Jan. 6 committee holds sixth hearing

By Adrienne Vogt, Elise Hammond, Aditi Sangal, Melissa Macaya and Mike Hayes, CNN

Updated 12:37 AM ET, Wed June 29, 2022
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10:29 p.m. ET, June 28, 2022

Meadows and Giuliani indicated they were interested in receiving a presidential pardon, Hutchinson testifies

From CNN's Zachary Cohen

White House Chief of Staff Mark Meadows speaks on his phone as he waits for US President Donald Trump to depart the White House on October 30, 2020 in Washington, DC. - Trump travels to Michigan, Wisconsin and Minnesota for campaign rallies. (Photo by ANDREW CABALLERO-REYNOLDS / AFP) (Photo by ANDREW CABALLERO-REYNOLDS/AFP via Getty Images)
White House Chief of Staff Mark Meadows speaks on his phone as he waits for US President Donald Trump to depart the White House on October 30, 2020 in Washington, DC. - Trump travels to Michigan, Wisconsin and Minnesota for campaign rallies. (Photo by ANDREW CABALLERO-REYNOLDS / AFP) (Photo by ANDREW CABALLERO-REYNOLDS/AFP via Getty Images) (Andrew Caballero-Reynolds/AFP via Getty Images)

Cassidy Hutchinson told the House Select committee Tuesday that her one-time boss, former White House chief of staff Mark Meadows, indicated he was interested in receiving a presidential pardon related to Jan. 6.  

She also told the panel that Rudy Giuliani, Donald Trump’s former attorney, also expressed similar interest in a pardon. 

“Did Mark Meadows ever indicate that he was interested in receiving a presidential pardon related to Jan. 6?” the committee’s Vice Chair Rep. Liz Cheney asked. 

“Yes,” Hutchinson responded. 

She responded the same when asked about Giuliani. 

Meadows also encouraged Trump to include language about pardoning those who participated in the Jan. 6 riot in his speech the next day – an idea that was rebuffed by then-White House counsel, Hutchinson testified.

Hutchinson effectively served as Meadows’ shadow, according to multiple sources familiar with her role while working for the former White House chief of staff. 

Cheney highlighted her level of access at the very beginning of Tuesday’s hearings, saying: “In short, Ms. Hutchinson was in a position to know a great deal about the happenings in the Trump White House.”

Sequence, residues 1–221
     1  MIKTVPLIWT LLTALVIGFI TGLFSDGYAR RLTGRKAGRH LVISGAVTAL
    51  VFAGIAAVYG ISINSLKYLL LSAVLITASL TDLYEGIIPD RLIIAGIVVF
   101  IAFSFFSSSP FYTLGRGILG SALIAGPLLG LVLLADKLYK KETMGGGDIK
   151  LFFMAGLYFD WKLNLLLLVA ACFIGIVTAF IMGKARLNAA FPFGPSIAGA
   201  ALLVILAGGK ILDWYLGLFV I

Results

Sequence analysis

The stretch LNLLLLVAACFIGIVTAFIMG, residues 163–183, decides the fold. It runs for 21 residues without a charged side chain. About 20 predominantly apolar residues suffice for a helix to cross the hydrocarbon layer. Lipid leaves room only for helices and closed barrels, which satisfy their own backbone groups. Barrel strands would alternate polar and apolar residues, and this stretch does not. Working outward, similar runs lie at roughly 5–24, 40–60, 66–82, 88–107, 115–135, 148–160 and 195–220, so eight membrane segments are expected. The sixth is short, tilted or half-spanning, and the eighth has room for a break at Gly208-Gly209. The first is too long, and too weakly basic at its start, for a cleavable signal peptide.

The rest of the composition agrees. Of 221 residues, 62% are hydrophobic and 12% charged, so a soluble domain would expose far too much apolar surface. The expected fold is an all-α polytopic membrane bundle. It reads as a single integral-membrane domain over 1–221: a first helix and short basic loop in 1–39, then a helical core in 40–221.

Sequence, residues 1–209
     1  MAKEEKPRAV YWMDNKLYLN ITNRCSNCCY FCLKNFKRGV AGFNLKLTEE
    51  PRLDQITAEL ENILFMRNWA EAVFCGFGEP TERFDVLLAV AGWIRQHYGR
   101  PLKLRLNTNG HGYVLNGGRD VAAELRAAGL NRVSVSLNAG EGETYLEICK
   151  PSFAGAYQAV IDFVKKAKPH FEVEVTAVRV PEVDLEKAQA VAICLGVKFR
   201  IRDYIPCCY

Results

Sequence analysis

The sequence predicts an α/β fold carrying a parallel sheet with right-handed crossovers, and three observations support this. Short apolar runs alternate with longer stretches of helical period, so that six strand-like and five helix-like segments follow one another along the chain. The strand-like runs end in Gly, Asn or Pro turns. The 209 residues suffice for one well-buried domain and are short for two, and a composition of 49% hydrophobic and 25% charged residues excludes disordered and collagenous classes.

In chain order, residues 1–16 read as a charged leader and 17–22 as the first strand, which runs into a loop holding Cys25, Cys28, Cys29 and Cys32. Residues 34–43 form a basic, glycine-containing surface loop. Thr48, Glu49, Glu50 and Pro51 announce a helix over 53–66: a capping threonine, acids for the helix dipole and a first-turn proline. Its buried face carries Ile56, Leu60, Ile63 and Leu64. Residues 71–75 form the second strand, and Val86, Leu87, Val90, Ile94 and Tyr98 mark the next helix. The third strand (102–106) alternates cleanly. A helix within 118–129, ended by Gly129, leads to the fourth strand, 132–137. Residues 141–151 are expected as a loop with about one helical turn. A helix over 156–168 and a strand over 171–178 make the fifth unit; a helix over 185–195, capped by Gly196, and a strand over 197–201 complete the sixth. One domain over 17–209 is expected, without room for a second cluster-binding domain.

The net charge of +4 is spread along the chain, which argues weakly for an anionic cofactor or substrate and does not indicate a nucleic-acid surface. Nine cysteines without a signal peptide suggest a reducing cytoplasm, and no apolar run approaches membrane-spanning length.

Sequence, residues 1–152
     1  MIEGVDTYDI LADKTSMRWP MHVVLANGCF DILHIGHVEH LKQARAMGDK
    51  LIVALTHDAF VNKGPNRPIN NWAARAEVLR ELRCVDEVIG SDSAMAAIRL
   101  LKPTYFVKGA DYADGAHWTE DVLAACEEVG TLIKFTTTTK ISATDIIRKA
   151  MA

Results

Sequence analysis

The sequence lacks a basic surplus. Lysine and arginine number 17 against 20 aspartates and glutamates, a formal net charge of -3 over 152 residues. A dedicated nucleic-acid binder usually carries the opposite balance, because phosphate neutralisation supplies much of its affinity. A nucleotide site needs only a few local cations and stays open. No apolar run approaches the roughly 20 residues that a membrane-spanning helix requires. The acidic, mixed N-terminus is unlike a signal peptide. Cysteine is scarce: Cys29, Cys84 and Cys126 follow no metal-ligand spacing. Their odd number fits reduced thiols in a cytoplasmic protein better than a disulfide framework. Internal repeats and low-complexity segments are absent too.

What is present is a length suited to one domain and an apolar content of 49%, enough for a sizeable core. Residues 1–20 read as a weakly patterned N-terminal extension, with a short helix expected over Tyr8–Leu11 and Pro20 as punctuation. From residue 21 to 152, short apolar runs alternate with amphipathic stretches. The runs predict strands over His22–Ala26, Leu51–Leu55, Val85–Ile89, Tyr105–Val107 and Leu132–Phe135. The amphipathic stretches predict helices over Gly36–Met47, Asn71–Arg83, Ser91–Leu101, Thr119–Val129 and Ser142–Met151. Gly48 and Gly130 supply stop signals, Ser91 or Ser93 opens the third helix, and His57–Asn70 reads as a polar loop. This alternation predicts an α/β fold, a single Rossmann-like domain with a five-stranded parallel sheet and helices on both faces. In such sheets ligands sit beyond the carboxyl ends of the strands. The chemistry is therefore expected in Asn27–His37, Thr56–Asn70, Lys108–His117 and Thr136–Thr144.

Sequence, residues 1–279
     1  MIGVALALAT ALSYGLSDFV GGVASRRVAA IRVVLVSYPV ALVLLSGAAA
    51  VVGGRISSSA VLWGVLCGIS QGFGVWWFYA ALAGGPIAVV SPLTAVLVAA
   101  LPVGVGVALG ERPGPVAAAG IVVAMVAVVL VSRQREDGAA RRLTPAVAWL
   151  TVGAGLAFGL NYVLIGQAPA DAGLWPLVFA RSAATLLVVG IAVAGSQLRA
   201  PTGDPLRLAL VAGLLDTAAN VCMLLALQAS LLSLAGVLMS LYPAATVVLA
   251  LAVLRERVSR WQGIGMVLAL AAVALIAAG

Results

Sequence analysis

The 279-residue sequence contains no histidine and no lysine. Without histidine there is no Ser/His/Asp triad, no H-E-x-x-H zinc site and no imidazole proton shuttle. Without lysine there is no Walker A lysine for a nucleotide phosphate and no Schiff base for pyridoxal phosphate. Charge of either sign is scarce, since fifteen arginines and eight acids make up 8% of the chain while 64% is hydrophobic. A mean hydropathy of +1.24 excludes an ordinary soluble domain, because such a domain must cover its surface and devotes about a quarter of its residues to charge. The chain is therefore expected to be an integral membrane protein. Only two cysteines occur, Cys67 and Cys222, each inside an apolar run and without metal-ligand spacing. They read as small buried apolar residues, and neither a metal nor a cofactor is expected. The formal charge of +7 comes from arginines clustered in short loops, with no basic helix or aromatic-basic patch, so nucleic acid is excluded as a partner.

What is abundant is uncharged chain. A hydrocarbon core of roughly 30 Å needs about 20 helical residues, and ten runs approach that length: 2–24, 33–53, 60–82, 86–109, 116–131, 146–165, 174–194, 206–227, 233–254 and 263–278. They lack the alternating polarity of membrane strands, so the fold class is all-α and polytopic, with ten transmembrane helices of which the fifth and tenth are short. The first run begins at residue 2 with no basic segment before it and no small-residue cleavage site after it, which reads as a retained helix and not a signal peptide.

Hutchinson has previously testified that several Republican members of Congress had also inquired about a presidential pardon, either for themselves or others, around Jan. 6, 2021.

Giuliani later tweeted his reaction to Hutchinson's testimony.

“Once again the January 6 Committee of ‘Russian Collusion”’ Liars suborned perjury from Cassidy Hutchinson,” he said. “I specifically told President Trump I did not want or need a pardon. I,also,have witnesses to corroborate that she and the Committee are perpetrating yet another lie.” 

Giuliani joins a group of pro-Trump allies who have sought to discredit what Hutchinson said today in an attempt to deflect damaging accounts of their own involvement in efforts to overturn the 2020 election. Giuliani notably has not responded to CNN request for comment but did post his views on Twitter.

4:43 p.m. ET, June 28, 2022

3 members of Trump's administration resigned following Jan. 6 riot

From CNN's Sam Woodward

Rep. Liz Cheney, vice chair of the Jan. 6 committee, highlighted in today's hearing three Cabinet members who resigned following Trump's response to the insurrection at the Capitol. Here's what they said about leaving:

Former Transportation Secretary Elaine Chao: The day after the riot, Chao, who is married to Republican Sen. Mitch McConnell, posted her resignation on Twitter.

Former Education Secretary Betsy DeVos: In her resignation letter to the former President, DeVos, who served as education secretary for four years, wrote "there is no mistaking the impact your rhetoric had on the situation, and it is the inflection point for me. "

Former Deputy National Security Adviser Matthew Pottinger: After then-President Trump tweeted out on Jan. 6, 2021, that "Mike Pence didn't have the courage" to send votes back to the states, Pottinger, a former Marine Intelligence Officer, and White House aide for four years, resigned. In a video provided by the select committee, Pottinger described seeing the tweet for the first time.

"I read that tweet and made a decision at the moment to resign," he said. "That's where I knew I was leaving that day, once I read that tweet."

3:33 p.m. ET, June 28, 2022

Hutchinson "disgusted" at Trump's "unpatriotic" "un-American" attacks on Pence on Jan. 6

From CNN's Clare Foran

Cassidy Hutchinson
Cassidy Hutchinson (Evelyn Hockstein/Reuters)

Cassidy Hutchinson testified that she felt "disgusted" at seeing former President Donald Trump tweet attacks directed at then-Vice President Mike Pence on Jan. 6 — part of the President's pressure campaign on Pence to try to enlist him in the effort to overturn the election results, which Pence resisted.